Originally Posted by kam327
Doubt it. It's probably another 0.5mpg increase max similar to the grill shutters. I'd happily take a 0.5mpg hit in order to get a smooth-operating and proven wet DCT.
Whether it's 2 or 0.5 mpg, every little bit matters to carmakers struggling to meet CAFE standards, especially for their highest volume cars. I believe that's why they're all messing with DCT's and CVT's in the first place, since some conventional automatics with a torque converter are already pretty "smooth operating and proven". Toyota and Honda even manage to get impressive fuel economy with them in some cars. Good enough for you or me, maybe, but not for CAFE, which seems to count for more these days.
On top of that, Ford might have calculated that you'd be in the minority when it comes to paying the higher cost (purchase AND maintenace) of a wet DCT, especially in the Focus segment. Maybe on a Fusion they could justify it easier. (That higher cost probably has something to do with the Jetta's lower sales numbers, too.)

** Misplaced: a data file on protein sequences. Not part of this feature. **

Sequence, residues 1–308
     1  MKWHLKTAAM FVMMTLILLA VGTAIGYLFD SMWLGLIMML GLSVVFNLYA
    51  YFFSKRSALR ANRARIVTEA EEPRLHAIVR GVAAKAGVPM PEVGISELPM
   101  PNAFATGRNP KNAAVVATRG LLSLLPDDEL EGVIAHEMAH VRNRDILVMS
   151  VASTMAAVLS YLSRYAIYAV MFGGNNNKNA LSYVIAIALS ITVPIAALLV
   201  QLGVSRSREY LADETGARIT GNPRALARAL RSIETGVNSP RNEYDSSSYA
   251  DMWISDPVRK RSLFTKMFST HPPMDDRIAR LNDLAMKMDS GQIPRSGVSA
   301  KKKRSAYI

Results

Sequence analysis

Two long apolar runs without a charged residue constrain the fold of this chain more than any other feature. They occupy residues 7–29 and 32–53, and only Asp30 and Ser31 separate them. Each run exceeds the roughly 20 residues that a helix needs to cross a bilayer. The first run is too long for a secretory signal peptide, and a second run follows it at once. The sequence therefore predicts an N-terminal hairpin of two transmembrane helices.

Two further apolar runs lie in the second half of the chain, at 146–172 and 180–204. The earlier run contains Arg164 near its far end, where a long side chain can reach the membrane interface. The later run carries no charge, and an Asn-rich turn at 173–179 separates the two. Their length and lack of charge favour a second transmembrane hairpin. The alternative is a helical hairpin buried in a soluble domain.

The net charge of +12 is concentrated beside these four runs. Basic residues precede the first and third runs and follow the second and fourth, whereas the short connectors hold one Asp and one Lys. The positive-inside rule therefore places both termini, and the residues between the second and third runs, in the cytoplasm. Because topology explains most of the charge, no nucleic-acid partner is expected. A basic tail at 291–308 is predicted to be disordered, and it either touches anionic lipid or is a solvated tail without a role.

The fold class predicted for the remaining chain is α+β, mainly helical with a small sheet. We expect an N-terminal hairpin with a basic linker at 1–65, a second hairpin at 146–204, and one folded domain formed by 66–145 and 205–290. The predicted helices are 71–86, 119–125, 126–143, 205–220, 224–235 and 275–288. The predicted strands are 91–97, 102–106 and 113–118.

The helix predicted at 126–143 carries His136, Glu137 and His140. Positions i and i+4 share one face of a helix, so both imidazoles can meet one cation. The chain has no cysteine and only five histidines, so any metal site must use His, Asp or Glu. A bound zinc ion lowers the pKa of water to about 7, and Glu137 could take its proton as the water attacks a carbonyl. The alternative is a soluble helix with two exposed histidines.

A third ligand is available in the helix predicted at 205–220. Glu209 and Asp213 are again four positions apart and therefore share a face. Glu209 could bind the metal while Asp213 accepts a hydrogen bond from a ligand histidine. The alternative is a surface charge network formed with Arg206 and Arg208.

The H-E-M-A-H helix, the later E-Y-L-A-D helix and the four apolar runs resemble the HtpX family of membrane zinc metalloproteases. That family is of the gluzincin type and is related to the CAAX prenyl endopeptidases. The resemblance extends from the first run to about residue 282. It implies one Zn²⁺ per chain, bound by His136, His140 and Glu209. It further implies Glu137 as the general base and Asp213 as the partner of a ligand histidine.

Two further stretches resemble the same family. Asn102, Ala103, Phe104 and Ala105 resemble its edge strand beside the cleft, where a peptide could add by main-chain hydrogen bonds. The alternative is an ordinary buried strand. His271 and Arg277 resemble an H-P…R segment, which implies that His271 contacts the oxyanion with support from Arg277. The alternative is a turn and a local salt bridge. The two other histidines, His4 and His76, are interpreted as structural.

I'd be OK with lower mpg for either the manual trans or a conventional automatic, compared to the DCT. I'd still be seeing a noticeable improvement from the 20-22 mpg I'm getting now with my other cars. Not so sure I'd go for the higher cost of the wet DCT, though.
If Ford eventually gets the dry DCT "right" they'll look pretty smart. I hope they do, and soon. It would be a shame if they can't get the reliability of the Focus up to the level the last generation Fusion has seen. I also feel bad for all the "early adopters" whose lives have been made miserable by the thing while they are involuntarily helping Ford get to that point. Just collateral damage to the EPA. (Guess I better be careful to not stray into discussing politics here.)